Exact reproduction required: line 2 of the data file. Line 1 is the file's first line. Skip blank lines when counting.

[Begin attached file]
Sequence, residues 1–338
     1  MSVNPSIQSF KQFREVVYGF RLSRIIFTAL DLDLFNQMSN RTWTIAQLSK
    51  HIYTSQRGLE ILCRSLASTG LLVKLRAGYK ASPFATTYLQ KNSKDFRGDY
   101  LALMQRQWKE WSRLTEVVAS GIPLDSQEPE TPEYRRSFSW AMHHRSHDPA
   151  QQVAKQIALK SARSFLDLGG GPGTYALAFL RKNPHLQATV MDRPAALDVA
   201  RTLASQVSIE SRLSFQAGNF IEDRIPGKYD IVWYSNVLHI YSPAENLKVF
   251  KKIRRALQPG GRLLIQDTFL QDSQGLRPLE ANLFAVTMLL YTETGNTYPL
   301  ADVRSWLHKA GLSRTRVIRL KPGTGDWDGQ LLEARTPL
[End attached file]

     1  MSVNPSIQSF KQFREVVYGF RLSRIIFTAL DLDLFNQMSN RTWTIAQLSK